Eventually, Judy concluded that grandparents Cohen were definitely Jewish Americans, whereas the Rosenfelds were American Jews. Some might think that this differentiation is an exercise in semantic futility, but current anti-Israel and Jewish sentiment is correlated to an identity crises of most Jews in America. They consider themselves Jewish by birth but as “free” Americans unrestrained by Torah standards in daily life. They miss the point entirely. Judy describes Papa Cohen lamenting that when they left their homeland for America they sought freedom from persecution and not freedom from the Torah. An argument for those who erroneously mistake freedom with non-accountability and responsibility.

Judy, like most of us, held preconceived ideas on Orthodox Judaism. The most common of misconceptions is that Orthodox Jews keep to themselves.  A closed society. They deprive women of secular freedoms. They perform ancient rituals. Judy’s gradual turn toward Orthodox Judaism was equally rife with doubt. Her Orthodox misgivings were argumentative against all her beliefs as a modern American woman and a conservative Jew. Little by little she came to realize that Orthodox Judaism provided her with a deeper identity. An identity that embraces her past, present, and future.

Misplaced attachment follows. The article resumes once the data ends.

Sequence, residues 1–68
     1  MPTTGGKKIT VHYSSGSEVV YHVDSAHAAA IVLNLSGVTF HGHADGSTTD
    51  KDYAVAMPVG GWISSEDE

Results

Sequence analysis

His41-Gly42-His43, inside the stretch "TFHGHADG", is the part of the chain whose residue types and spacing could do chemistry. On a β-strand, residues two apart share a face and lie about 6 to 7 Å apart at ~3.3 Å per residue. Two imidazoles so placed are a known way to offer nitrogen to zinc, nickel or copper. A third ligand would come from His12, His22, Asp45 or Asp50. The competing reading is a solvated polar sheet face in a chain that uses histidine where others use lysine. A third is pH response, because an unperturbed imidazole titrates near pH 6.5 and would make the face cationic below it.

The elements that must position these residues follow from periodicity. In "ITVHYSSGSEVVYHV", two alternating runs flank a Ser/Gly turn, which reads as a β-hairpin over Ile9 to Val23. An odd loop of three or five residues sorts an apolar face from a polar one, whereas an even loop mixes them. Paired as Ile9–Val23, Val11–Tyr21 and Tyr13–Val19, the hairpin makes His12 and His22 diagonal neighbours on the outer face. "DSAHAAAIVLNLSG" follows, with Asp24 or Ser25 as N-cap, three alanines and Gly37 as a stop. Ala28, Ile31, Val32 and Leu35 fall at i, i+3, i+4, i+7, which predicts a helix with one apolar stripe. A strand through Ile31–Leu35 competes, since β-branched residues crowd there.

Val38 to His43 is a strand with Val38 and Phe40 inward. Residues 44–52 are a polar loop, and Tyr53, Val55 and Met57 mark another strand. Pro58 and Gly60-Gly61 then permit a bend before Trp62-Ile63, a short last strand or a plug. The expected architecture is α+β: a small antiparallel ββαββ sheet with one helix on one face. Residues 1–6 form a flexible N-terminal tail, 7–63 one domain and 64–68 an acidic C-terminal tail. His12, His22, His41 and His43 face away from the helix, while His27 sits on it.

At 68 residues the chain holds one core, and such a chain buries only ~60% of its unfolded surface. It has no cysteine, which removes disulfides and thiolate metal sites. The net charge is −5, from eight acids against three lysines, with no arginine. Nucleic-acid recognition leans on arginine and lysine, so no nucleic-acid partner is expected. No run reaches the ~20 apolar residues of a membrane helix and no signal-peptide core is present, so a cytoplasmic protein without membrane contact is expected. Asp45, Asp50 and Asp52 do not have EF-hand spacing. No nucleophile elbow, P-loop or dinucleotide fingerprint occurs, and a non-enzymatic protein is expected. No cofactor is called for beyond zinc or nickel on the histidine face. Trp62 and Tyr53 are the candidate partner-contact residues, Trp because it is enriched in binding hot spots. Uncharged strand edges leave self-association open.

Jeff was the catalyst to her transformation. Jeff was intelligent, funny, thoughtful and gentle.  Jeff observed the Torah to the letter. Jeff did not fit the pre-conceived Orthodox Jew mold. That was both confusing and endearing. A curious combination. As their relationship matured, Jeff gently guided Judy toward Jewish Observance. He patiently explained the what, why, and how of Jewish Observance and Orthodox Judaism. Resisting at first, Judy gradually realized that Jeff’s world seemed more at peace than her own had ever been. There was comforting structure. Jeff’s standards started to make sense. He seemed to know exactly who he was, where he wanted to be, and how to get there.

Judy Gruen’s story is not limited to being a Jew. It is a story of finding peace and gratitude in faith. Whether Jewish, Christian, or atheist, it gives all of us a degree of hope that we can assume a way of life that sets us apart through moral high standards and perseverance. Judy opened my closed mind to possibilities outside my comfort zone. My idea of Orthodox Judaism was also limited to what I had read in the past. I have never known anyone of Orthodox persuasion to form an educated opinion, so I too succumbed to the misconceptions rampant in the secular media and blogs.